GLITS 252 D: Introduction to Global Literatures: Literary Genres Across Time and Place

Spring 2024
Meeting:
MW 2:30pm - 4:20pm / MEB 237
SLN:
15078
Section Type:
Lecture
Joint Sections:
RUSS 324 A
Instructor:
FOLK LITERATURE SAME AS RUSS 324 A
Syllabus Description (from Canvas):

Russ 324/GLITS 250 D, Spring, 2024

Mondays and Wednesdays, 2:30-4:20, MEB 237

Instructor: Dr. Henry

Email: bjhenry@uw.edu

Phone: 206 659-2659

Office address: A 211 Padelford Hall

Office hours: Tuesdays, 12-2, on Zoom, and by appointment

https://washington.zoom.us/j/99413573637

Learning objectives:

  1. Students will explore the full range of literary creativity by a class underrepresented in literary studies -- the pre-industrial peasantry.
  2. Assessment of Russian folktales will employ a range of critical tools, and overturn stereotypes of folktales as "simple" and "primitive" art.
  3. Students will learn to recognize folkloric paradigms, and apply them to analysis of contemporary high and popular culture, as well as to story types encountered in their own family histories, hometowns, countries of origin.

 

Final paper (Writing credit students ONLY): Due Tuesday, June 4, by 5 pm

https://canvas.uw.edu/courses/1719446/assignments/8790279

 

Course Books (all PDFs on Canvas)

Russian Fairy Tales, collected by Aleksandr Afanasiev, translated by Norbert Guterman, also available in hard copy from the UW Bookstore

Morphology of the Folktale, Vladimir Propp (University of Texas Press)

Readings:

Required readings are all on Canvas and are organized by week. You will need to do the reading BEFORE attending class, as there are also reading quizzes prior to some class meetings.

The only optional materials are the “Forbidden Folktales” in Week 6, as these may be highly offensive to some readers. Reading them and attending class on the day that we’re discussing them is optional. Should you choose not to read the “Forbidden Folktales” or attend class that day, this will not affect your grade in any way.

WEEK 1

Mar 25 Introductions

Mar 27 The Basics: Modes of Literary Discourse

Epic, lyric, novel, drama: what the folktale is not

Readings: Epic: "New Coasts & Poseidon's Son," from Book IX of The Odyssey, by Homer. Lyric: "The Guest" (Гость), Anna Akhmatova (1889-1966). Novel: Excerpt from Pride and Prejudice, Jane Austen (1775-1817). Drama: Excerpt from Arcadia (1993), Tom Stoppard (b.1937). "On the Boundaries Between Studies of Folklore and Literature" (1929) by Roman Jakobson & Petr Bogatyrev.

Afanas'ev: Vasilisa the Beautiful (439) (Василиса Прекрасная, 104) (AT 480 B*)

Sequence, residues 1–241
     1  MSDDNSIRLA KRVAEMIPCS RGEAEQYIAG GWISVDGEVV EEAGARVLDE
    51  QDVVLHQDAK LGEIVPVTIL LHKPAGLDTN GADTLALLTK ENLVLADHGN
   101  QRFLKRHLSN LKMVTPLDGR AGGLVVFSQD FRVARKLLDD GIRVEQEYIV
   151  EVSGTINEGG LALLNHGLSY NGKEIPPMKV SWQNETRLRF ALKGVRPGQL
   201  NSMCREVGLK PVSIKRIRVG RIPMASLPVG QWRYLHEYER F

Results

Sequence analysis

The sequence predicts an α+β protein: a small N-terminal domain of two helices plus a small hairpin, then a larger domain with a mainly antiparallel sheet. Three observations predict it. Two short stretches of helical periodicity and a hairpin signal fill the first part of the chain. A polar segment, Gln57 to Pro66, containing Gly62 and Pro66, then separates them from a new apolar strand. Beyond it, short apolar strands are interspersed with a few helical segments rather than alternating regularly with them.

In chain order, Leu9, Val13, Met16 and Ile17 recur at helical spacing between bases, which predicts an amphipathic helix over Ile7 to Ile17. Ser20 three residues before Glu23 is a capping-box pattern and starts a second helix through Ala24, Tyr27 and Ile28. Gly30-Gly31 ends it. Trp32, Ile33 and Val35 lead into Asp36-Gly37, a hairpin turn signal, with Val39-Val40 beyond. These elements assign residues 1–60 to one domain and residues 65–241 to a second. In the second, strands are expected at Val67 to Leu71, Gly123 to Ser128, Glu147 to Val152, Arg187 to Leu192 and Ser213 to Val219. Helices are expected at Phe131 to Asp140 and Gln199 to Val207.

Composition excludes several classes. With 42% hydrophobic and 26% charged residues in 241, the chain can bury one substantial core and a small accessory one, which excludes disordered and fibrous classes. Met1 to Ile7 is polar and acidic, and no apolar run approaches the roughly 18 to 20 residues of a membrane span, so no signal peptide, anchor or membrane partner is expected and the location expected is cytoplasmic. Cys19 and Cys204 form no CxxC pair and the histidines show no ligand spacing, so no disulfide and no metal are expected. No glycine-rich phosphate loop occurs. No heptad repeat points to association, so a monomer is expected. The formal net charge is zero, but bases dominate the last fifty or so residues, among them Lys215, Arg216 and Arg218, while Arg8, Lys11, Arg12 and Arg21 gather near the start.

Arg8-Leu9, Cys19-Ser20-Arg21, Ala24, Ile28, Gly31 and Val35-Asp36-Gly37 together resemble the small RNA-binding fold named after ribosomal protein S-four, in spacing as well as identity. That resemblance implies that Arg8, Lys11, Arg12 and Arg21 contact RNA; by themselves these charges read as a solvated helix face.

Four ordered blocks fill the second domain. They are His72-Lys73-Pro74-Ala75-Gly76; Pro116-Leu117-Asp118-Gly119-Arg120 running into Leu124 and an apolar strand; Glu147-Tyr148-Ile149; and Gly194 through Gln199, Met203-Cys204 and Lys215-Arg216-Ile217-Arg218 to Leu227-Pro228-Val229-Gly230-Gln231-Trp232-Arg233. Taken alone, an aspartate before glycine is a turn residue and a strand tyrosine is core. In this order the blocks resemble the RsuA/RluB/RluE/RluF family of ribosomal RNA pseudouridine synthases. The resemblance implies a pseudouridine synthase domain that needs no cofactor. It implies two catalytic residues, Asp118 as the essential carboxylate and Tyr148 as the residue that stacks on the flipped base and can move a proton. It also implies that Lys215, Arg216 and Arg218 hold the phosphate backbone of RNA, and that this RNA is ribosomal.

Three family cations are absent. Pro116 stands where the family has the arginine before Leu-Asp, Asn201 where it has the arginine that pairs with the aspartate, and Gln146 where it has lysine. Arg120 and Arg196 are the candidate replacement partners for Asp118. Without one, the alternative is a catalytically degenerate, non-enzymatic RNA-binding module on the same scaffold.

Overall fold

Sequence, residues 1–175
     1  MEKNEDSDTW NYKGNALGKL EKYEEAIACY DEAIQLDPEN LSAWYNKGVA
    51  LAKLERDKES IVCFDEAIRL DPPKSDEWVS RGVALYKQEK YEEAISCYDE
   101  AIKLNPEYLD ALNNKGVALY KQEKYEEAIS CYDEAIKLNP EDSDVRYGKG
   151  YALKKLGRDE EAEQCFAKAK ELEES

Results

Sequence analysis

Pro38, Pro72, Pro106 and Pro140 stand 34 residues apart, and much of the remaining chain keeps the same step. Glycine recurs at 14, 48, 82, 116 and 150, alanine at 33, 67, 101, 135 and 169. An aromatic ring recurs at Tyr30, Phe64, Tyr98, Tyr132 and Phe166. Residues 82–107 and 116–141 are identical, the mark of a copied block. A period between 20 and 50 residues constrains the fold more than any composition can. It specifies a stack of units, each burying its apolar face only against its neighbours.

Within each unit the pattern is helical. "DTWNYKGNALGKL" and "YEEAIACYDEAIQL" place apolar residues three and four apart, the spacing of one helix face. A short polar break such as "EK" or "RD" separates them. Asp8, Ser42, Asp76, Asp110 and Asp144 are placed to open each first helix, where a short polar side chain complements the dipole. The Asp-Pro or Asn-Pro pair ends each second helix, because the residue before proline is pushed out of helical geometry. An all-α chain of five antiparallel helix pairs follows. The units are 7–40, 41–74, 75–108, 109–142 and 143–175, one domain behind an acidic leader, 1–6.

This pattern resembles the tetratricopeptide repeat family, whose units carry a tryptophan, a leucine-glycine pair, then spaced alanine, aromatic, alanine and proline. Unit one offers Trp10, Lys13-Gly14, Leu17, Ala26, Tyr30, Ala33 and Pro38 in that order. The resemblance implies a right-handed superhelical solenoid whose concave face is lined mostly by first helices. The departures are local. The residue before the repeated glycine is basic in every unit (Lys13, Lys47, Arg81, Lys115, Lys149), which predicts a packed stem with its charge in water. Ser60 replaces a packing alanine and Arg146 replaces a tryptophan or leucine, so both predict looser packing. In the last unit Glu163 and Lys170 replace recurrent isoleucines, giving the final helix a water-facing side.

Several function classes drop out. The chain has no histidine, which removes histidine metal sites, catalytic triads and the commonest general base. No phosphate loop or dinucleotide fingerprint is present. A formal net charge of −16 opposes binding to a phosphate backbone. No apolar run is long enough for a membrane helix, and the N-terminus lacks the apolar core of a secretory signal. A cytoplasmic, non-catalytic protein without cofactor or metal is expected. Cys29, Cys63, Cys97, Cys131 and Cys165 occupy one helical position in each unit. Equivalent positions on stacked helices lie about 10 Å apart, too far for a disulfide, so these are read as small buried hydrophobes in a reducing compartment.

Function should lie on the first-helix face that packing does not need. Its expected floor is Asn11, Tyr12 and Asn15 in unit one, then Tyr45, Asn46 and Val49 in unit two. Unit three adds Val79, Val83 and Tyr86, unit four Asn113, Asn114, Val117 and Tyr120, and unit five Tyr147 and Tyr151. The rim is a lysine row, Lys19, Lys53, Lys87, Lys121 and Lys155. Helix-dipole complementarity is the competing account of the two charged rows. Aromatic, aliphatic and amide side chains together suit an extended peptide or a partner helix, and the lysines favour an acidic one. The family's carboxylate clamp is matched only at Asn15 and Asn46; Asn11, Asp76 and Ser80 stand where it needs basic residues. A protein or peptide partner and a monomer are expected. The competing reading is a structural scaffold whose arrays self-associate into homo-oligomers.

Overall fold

ONE-PAGE PAPER #1: Literary forms  due by 5 pm, Fri, Mar 29

  • How does the folktale treat character development, setting, and time, as opposed to the way that these are treated in the epic, novel, lyric, or drama?
  • Answer with reference to at least two of the non-folktale texts
  • Submit your assignment here
  • https://canvas.uw.edu/courses/1719446/assignments/8790272

WEEK 2

Apr 1 Origins of the Folktale: Mythology

Mythology: The Voyage of the Hero: 1: Dughda & Zoroaster, Siegfried, Kunti & Karna, Moses, Mary & Jesus. 2: King Arthur, Siegfried, Mary 3: Odysseus & Achilles. 4: Heracles, Prometheus, Theseus & Ariadne, Ananse 5: Attis, Tammuz & Inanna (Ishtar), Osiris & Isis, Persephone & Demeter, Orpheus, Wanjiru 6: Orpheus & Eurydice, Odysseus, Aeneas 7: Adonis & Aphrodite, Corn Mother, Bear Man 8: Abraham, Heracles, King Arthur (CANVAS)

Additional readings:  "The Pagan Gods," and "The Elements: Water, Fire, Earth & Air," from Russian Myths, Elizabeth Warner

Apr 3 The Russian Folktale

Readings: "The Structure of the Narrative: The Epic Laws (1908)," from Principles for Oral Narrative Research, by Axel Olrik; “One-Dimensionality,” and “Depthlessness,” from The European Folktale: Form and Nature, by Max Lüthi, 4-23; “The Peasant Way of Life,” Mary Matossian, from The Peasant in Nineteenth-Century Russia, 11-40.

Afanas'ev: The Three Kingdoms (49) (Три царства – Медное, серебряное, и золотое, 128) (AT 301), The Pike with the Long Teeth (54) (Байка о щуке зубастой, 81), Know Not (97), (Незнайко, 296) (AT 532); The Singing Tree and the Talking Bird (184), (Поющее дерево и птица-говорунья, 288) (AT 707); Husband & Wife (369) (Муж да жена, 445) (AT1360 C); Beasts in a Pit (498) (Звери в яме, 29) (AT 20 A); Il’ya Muromets & the Dragon (569) (Илья Муромец и Змей, 310), Prince Ivan, the Firebird, & the Grey Wolf (612) (Сказка об Иване-царевиче, жар-птице и о сером волке, 168) (AT 550)

 

READING QUIZ #1  Quiz available from Apr 3, 5:00 pm, until Apr 4, 5:00 pm

https://canvas.uw.edu/courses/1719446/quizzes/1940406

 

WEEK 3

Apr 8  Animals

Readings: “The Master Cat, or Puss-in-Boots,” by Charles Perrault.

Afanas'ev: The Bear (74) (Медведь, 57) (AT 161 А*); The Crane and the Heron (66) (Журавль и цапля, 72) (AT 244 А*); The Fox Confessor (72) (Лиса-исповедница, 16) (AT 61 A); Bukhtan Bukhtanovich (168) (Бухтан Бухтанович, 163) (AT 545 В); Old Favors are Soon Forgotten (273) (Старая хлеб-соль забывается, 27) (AT 155); The White Duck (342) (Белая уточка, 265) (AT 403)